I’ve been trying to be methodical about blogging through the Bible in an orderly linear fashion. However, my mind has been drawn lately toward the Eucharist as the starting point for a theology of food. As I began thinking about this it led to connections and tangents that are forming an interesting web in my brain (hopefully it’s not a cobweb…yuk yuk).
I love the possibility of Eucharist as Eat-In.
Not to belabor the obvious, but sit-ins were a form of protest from the sixties in which people just occupied a space and refused to leave causing business, traffic or whatever to stop in its tracks. Eat-ins are when a “group of people gather in a public space in order to share a meal” (via). These are modern day agape feasts of revolutionary food subversives.
Likewise, we should be willing to gather publicly to partake in a revolutionary meal that symbolizes an upside-down kingdom. Should the reenactment of the death of a dissident in the Roman Empire be done so privately and secluded from the public sphere? Perhaps we should think of taking the Eucharist as a seditious act. We are committing treason when we eat the bread and drink the wine. We are committing and uniting ourselves to an order of things, a kingdom, that is not of this world. It not only transcends nationalism, it obliterates it.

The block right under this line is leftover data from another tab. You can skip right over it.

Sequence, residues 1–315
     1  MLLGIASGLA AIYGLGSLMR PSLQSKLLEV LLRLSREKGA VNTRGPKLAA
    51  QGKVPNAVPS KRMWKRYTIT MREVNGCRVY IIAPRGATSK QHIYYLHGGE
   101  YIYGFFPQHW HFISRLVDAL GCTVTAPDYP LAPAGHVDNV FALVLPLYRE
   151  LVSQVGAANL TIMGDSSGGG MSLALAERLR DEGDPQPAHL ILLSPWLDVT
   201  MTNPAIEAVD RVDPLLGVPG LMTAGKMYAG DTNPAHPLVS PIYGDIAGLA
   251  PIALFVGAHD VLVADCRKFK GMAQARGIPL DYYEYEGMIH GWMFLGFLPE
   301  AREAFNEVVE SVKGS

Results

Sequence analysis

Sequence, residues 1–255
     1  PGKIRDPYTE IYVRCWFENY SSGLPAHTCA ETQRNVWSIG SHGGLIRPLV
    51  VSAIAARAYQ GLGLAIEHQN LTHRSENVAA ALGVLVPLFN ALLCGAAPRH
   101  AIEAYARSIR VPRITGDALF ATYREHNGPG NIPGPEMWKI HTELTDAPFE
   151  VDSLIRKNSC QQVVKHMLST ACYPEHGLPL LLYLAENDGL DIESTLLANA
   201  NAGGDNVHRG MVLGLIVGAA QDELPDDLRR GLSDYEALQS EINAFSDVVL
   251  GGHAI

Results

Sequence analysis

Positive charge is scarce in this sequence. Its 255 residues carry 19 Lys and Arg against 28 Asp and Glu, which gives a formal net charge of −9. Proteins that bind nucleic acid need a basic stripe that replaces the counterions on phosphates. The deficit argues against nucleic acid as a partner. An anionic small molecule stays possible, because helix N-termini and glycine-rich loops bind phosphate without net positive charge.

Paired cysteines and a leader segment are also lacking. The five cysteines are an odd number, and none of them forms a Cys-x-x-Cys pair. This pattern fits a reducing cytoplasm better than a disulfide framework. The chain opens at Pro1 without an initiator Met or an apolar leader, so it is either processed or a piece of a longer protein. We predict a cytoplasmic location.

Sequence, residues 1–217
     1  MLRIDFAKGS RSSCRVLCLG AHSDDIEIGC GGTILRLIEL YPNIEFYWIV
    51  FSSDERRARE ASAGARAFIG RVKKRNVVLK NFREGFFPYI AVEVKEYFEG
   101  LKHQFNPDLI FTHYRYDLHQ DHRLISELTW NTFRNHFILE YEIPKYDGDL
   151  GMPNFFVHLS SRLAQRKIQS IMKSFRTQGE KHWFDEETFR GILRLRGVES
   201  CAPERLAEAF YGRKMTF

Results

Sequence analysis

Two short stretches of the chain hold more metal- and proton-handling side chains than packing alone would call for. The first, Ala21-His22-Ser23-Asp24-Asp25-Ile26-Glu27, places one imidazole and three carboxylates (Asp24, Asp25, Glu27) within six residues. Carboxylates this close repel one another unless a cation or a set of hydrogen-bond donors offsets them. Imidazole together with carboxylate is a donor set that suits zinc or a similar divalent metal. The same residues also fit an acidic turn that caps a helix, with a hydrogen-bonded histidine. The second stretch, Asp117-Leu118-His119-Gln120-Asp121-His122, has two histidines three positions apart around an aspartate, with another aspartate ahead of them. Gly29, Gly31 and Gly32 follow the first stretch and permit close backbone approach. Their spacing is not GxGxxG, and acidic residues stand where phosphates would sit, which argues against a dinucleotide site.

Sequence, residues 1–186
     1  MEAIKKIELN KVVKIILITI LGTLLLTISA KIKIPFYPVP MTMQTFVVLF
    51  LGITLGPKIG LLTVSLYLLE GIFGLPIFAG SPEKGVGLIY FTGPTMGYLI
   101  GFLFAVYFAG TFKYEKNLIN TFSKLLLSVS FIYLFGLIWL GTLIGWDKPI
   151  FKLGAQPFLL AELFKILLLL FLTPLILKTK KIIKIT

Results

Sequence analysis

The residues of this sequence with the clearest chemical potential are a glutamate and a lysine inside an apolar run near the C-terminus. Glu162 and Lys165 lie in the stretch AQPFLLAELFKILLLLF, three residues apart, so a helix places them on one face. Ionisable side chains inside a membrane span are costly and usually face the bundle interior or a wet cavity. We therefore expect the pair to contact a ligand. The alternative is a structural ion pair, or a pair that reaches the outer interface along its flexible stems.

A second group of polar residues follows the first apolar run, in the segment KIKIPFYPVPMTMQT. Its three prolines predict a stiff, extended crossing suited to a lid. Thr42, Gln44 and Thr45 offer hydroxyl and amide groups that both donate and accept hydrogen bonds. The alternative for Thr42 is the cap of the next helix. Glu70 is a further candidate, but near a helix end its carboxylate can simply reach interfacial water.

This iteration of communion would certainly incorporate many of the tenets of the slow food movement’s insistence on just eating practices. Paul and James both insisted that when the church gathered for meals and worship (not separate activities) that their gatherings be just.
This way of partaking in Christ’s suffering and death would revive the agape feast that the Corinthian church struggled with practicing in a just way. This way of ritualizing and embodying Jesus’ life, death and resurrection could not take the form of insubstantial elements, though their rich symbolism should be included. No, this version of the Lord’s Supper needs to be a feast, a glorious last meal on death row.
So, what would it look like to practice Eucharist as a form of public protest?